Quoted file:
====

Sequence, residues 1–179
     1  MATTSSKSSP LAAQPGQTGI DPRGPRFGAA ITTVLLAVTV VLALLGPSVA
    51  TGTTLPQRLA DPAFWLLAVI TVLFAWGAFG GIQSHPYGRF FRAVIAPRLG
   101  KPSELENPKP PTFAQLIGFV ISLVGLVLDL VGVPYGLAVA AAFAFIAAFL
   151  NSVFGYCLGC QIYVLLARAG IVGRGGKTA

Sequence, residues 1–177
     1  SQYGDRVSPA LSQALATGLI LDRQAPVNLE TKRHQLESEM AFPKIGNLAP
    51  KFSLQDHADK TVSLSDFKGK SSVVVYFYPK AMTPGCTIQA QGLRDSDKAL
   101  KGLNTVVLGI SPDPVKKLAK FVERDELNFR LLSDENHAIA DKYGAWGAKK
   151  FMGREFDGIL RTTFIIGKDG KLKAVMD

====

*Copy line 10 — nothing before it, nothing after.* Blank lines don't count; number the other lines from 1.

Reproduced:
   151  FMGREFDGIL RTTFIIGKDG KLKAVMD